Dozens gathered outside Fort Worth City Hall this afternoon in anticipation of a “White Lives Matter” rally, one of many occurring on the same day in nearly four dozen cities across the country.
The vast majority of people in attendance in Fort Worth were there in opposition to the rally, which drew only a handful of vocal supporters. Counterprotesters outnumbered WLM participants at least five-to-one.
“We’re out here to let these idiots know that we’re not going to allow them to come into our city and do what they do,” said Donnell Ballard, president of United My Justice, a group that organized large-scale Black Lives Matter protests in Fort Worth last year.
Counterprotesters were the first to arrive on the scene. While they waited for the rally to begin, they witnessed a Hawaiian shirt-wearing motorcyclist drive multiple times around City Hall.
They suspected he was a member of the far-right Boogaloo movement after they witnessed him make a cutthroat gesture toward them. The Boogaloos are known for their Hawaiian shirts.
Their suspicions appeared to be confirmed by a message from the White Lives Matter Telegram channel. “Good luck,” the message read. “I was the guy on the bike. The cops made me leave.”
One of the organizers of the rally was a twenty-something year old white woman named Beth, who declined to identify herself by her last name.
“This is a march for remembering the white victims that haven’t really been mentioned as much as other victims,” Beth said. “This isn’t a war against anything but the media.”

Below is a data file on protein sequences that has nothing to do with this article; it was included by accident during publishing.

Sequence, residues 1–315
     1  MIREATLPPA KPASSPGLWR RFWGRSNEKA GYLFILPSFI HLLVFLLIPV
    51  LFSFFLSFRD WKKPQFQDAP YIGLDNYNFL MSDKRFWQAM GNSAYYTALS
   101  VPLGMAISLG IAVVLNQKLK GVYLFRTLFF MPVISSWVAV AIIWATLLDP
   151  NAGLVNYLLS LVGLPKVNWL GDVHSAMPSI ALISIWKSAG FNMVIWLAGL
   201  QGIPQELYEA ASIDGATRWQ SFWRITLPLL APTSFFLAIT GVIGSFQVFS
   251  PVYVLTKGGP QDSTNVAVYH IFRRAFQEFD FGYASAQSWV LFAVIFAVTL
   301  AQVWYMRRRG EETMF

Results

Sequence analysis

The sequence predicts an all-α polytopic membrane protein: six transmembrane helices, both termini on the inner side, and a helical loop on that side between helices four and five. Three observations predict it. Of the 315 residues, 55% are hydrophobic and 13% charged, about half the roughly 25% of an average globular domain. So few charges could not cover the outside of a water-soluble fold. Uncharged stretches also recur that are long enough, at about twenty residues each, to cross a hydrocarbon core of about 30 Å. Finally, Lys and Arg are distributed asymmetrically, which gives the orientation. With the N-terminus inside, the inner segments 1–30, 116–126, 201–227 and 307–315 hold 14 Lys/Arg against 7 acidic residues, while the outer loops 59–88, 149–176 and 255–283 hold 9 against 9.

Beth repeatedly emphasized the story of Victoria Rose Smith, a young white girl killed by her Black foster parents. Her death has been widely covered in the media.
Beth brought several signs. The largest read, “White Victims Matter.” Another listed the names of white victims such Tony Timpa, whose death at the hands of Dallas police in 2016 has also been widely covered in the media.
Another attendee, who would only identify himself by the alias Dresden Berns, referencing the German city bombed to rubble by the Allies during WWII, shared a similar sentiment about his belief that the media doesn’t cover the stories of white victims.
But that’s not all he said. And the more he talked, the more it became clear that the ostensibly unheard plight of white victims was not the only reason he attended.
“All of a sudden we have to promote diversity. We’re not entitled to maintain an ethnic majority, and if we lobby for that, then we’re called white supremacists,” Berns said, echoing talking points of the “Great Replacement” theory that has been promoted by white supremacist groups and Fox News personality Tucker Carlson.
While speaking with me, Berns insisted that he is not a white supremacist.
Later on, he used the phrase “blood and soil” during a lengthy debate with a TCC professor, Dr. Bradley Borougerdi.
The term “blood and soil” originated in Nazi Germany and has become adopted by various North American white supremacists, white nationalists, and Neo-Nazis.